Thursday, October 2, 2014

Riding the Midnight Express @ The Barrow Street Theatre

Through November 30th of this year, The Barrow Street Theater plays host to the storytelling of Billy Hayes as he recounts his early life in Riding the Midnight Express.  The presentation runs about 70 minutes with a 20 minute Q & A following.  
Starting from the time that he left college until just after his escape from a Turkish Prison, Hayes relates the experiences and discoveries he finds along the way.  Hayes talks about the decisions he makes that cause his incarceration, mainly his experience smuggling Hashish out of Istanbul.  He shows us the levels of inhumanity our souls can bare before beginning to corrupt.  Hayes relates the pain as he had to turn his head while others were beaten, lest he make his own enemies.  Talking about his friend who dies in Germany while trying to earn money to help him escape prison, Hayes is stricken with the guilt of this loss.  While trying to form a plan to escape, Hayes spends time in a prison for the insane with the hope that it will be easier to make his breakout.  Instead, he finds his own sanity begin to slip.  With less than 2 months until his freedom, Hayes stoically delivers the real story of his court sentencing of 30 years more in jail.  Not fraught with the anger portrayed in the film by the same title, he shows us a peace and forgiveness hard to imagine in our own everyday lives.  Finally making his way to the island of Imrali, he delivers himself out of his imprisonment in an epic trip across the sea and land all the way to Greece.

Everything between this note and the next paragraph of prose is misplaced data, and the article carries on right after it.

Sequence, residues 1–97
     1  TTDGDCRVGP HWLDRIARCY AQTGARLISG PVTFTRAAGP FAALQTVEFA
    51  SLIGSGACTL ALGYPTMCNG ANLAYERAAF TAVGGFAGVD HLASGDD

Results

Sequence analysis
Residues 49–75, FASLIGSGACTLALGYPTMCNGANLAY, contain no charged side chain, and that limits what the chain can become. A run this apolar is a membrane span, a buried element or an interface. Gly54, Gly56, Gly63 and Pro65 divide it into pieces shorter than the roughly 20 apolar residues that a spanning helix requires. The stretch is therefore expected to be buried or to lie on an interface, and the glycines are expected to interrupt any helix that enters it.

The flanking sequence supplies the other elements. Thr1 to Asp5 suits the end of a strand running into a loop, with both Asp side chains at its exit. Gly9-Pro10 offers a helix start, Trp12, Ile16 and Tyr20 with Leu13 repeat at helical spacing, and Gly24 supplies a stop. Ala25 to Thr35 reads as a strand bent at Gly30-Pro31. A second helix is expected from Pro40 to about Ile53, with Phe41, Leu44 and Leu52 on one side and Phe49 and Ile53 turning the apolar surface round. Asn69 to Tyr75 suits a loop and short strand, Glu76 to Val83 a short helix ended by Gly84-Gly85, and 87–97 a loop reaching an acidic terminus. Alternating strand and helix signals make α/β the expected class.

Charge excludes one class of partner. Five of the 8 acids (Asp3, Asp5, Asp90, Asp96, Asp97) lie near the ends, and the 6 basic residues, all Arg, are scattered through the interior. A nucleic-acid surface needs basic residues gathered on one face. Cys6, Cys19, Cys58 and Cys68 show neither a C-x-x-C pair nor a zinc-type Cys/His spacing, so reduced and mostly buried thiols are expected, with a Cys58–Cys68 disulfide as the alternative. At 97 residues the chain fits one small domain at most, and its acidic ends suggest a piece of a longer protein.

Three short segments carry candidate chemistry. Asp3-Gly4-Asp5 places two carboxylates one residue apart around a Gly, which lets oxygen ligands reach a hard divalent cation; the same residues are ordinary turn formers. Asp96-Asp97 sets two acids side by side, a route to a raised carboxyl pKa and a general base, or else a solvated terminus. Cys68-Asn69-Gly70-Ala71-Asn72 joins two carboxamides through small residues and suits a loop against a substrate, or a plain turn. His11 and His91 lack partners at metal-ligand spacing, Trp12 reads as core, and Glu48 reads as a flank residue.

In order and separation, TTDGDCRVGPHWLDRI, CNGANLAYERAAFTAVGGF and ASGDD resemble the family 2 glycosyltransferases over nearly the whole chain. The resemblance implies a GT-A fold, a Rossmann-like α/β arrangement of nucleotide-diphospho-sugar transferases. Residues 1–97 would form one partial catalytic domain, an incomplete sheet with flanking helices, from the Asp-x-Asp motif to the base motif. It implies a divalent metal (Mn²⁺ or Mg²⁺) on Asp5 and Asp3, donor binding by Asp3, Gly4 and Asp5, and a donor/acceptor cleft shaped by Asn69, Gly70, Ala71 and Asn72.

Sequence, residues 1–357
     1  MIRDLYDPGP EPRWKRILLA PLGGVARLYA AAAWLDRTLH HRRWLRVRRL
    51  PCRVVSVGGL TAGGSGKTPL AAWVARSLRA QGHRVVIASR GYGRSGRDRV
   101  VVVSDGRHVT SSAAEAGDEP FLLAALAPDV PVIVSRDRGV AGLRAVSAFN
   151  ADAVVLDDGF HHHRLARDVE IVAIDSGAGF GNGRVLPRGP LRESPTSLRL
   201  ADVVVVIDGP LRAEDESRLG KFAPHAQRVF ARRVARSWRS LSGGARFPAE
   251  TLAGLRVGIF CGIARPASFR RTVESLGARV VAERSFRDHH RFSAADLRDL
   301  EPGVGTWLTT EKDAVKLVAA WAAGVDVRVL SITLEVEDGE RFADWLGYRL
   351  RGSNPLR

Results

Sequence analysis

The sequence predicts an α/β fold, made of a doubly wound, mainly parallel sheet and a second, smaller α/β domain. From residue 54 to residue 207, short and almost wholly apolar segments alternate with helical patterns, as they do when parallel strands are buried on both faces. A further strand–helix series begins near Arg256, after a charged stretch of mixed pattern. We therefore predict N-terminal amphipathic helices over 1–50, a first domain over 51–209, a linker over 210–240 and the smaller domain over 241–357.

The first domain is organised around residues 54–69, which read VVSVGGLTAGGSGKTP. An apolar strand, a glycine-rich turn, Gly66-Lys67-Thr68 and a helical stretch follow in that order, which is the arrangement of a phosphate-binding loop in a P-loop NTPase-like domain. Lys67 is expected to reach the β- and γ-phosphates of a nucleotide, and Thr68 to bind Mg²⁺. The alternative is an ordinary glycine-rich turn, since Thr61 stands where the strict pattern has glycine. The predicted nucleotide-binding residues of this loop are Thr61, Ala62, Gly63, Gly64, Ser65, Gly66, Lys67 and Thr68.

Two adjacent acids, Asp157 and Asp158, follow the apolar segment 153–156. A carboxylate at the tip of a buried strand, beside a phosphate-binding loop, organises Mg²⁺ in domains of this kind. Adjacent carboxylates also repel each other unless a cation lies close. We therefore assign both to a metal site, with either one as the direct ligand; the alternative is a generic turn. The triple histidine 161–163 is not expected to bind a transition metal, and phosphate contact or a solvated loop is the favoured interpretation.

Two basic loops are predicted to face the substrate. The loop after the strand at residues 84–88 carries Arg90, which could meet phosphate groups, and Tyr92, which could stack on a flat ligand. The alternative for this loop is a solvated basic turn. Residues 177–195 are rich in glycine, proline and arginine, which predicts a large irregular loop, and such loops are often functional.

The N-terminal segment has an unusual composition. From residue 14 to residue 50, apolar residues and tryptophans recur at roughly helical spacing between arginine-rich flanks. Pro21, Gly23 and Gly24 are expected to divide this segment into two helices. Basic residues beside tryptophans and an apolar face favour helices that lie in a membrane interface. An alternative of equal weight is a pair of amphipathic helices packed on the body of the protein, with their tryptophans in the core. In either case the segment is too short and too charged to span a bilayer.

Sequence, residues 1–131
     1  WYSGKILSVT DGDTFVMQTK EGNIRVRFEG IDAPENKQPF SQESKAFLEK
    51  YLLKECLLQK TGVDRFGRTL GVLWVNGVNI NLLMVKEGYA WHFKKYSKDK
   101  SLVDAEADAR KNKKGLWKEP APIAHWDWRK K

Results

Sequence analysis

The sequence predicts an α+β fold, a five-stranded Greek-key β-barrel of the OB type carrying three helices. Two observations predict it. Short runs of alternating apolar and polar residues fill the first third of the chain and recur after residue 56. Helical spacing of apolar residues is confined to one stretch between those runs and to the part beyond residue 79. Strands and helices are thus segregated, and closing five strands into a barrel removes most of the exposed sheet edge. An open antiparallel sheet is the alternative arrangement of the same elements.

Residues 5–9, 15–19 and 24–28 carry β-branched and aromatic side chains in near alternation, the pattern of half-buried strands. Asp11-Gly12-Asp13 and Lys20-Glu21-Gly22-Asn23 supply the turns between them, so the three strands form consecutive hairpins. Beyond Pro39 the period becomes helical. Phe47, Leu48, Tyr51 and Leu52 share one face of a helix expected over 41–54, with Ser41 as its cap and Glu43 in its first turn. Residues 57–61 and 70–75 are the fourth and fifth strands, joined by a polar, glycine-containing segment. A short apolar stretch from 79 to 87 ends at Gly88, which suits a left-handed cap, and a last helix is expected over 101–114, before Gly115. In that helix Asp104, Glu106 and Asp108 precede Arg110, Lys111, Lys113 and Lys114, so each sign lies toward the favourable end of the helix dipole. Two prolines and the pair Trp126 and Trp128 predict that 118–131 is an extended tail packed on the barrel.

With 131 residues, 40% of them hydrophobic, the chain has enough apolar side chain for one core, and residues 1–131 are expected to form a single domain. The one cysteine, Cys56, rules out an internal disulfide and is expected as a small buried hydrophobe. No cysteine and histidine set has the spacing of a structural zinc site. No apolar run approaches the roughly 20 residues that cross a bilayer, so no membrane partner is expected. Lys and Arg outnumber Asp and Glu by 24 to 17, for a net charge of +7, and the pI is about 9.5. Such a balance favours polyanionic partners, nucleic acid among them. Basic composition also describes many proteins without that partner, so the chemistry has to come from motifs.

Hayes is a natural weaver of tales.  His life and journey are extraordinary, and he delivers them as such.  Hayes relates his story with almost a Socratic objectivity and insight, while still remaining emotionally true and vulnerable at times.  With no more tools than his voice, a stool and a bottle of water, Hayes keeps the audience interested to the end.  Though the aid of sound or lighting to better effect the audience would have made Hayes’s job easier, he prevailed through sheer personality.

A truly marvelous tale, Riding the Midnight Express is an enlightening evening for anyone who is willing to take a moment and use another’s trials to aid in their own self-discovery.
Review By: Paul Morin
Photos By: Carol Rosegg

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